To Grads From Dads
Father’s day is weird. The creation of Mother’s day took off immediately by historical standards from its creation by Anna Jarvis in 1905 to its signing in 1914 by Woodrow Wilson into a national holiday. By contrast, Father’s day taxied up to the runway moments after Mother’s day, bounced along in fits and starts for some 50 years until LBJ gave it the all clear and then Nixon finally let it take off in 1972. It seems like the NIT of holidays, the runt of an already packed litter of American holidays. And, I think, deep down inside nearly every committed father sort of knows it too. The comedian Jim Gaffigan, father of five, developed a whole bit on the oddity of the holiday.
This sense of misplaced priority stems, I think, from the seemingly inverse correlation between how well your father raised you and how much you talk about your father, especially as an adult. Fathers are analogous to the CIA in that you only hear about them when they have really screwed up. The sting felt by so many men, women, and children by fathers that never showed up or, when they did, made their children’s lives a living hell is always present in some soul tearing sort of way. Taking a day to honor fathers spotlights a job well done that regularly operates best when the children are unaware.
Dads learn quickly that fathering garners little of your children’s adulation in the moment. To be sure, kids love their dad and, even, admire him, but they also know him as the grumpy guy that takes toys away and makes them clean up and, oh, makes you stand around holding the wrench for when he needs it. A good father has to both treat his children with the respect they deserve and also like uninformed halfwits so they won’t get hurt. Yes, a good father should love their child unconditionally, but everything else, from general hygiene to choosing a spouse, is graded.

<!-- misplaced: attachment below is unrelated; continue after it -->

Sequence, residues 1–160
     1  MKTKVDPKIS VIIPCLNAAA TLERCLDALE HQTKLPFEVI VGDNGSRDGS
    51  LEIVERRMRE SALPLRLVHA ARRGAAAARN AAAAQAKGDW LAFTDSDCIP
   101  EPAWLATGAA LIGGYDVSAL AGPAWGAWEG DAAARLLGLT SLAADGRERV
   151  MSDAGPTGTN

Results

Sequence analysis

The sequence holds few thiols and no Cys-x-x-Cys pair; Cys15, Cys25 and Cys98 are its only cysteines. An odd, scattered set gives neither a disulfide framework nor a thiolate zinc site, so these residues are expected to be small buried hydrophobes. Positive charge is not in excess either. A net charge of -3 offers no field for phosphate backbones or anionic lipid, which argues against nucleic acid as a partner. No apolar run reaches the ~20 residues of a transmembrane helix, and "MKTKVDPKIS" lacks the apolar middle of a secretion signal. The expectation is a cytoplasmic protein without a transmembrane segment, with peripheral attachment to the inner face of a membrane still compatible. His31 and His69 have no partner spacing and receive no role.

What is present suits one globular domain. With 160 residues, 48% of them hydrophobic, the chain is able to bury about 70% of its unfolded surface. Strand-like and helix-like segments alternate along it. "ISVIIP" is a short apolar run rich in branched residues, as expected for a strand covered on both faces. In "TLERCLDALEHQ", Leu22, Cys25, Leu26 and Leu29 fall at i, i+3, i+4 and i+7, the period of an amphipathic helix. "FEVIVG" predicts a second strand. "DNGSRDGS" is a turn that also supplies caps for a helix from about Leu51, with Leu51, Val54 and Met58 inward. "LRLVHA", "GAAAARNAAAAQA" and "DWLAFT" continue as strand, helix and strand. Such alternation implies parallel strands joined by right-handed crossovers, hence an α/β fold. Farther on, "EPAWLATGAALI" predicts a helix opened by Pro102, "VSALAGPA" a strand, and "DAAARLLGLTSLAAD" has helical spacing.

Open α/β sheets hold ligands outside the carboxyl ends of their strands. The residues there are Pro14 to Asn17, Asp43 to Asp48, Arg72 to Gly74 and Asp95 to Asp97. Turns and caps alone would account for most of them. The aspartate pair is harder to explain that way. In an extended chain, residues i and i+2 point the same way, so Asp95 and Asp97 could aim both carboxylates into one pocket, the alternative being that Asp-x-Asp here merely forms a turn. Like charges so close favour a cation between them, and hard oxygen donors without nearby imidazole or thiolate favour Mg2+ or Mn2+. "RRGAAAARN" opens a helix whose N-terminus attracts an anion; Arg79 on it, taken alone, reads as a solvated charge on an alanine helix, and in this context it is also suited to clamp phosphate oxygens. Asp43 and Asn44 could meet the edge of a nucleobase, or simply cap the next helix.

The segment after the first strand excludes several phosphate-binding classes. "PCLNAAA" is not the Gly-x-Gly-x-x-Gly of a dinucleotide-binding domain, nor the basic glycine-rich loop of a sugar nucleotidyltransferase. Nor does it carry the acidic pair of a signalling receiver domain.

Now, I love my dad. He’s a great guy and an excellent father. My siblings and I enjoyed him playing with us, spending time with us, and all the affection he showered on us; but many of those positive feelings I developed for him only happened after I became an adult, then a husband, and finally a father myself. My dad taught me how to work hard, delay gratification, and treat others with dignity and respect. Sure, he failed me sometimes, but that only helped him demonstrate that humility and forgiveness outstrip anything stubbornness and pride might have to offer. Consequently, some of his best moments as a father are the moments I liked him the least. And, I can’t thank him enough.
So, anytime a man treats a woman with respect, even when she does not treat herself with respect–that’s Father’s day to me. When an athlete shows grit and sportsmanship after she loses the big game–that’s Father’s day to me. When a teenager buys her first car after working all year, squirreling her away her earnings–that’s Father’s day to me. After a young man has made a mess of his life and he decides to turn the corner, takes responsibility for his actions and cleans himself up–that’s Father’s day to me. And, after four years, putting off partying with her friends on the weekend to study, she celebrates after she graduates–that’s Father’s day.
Happy Father’s Day to all those grads!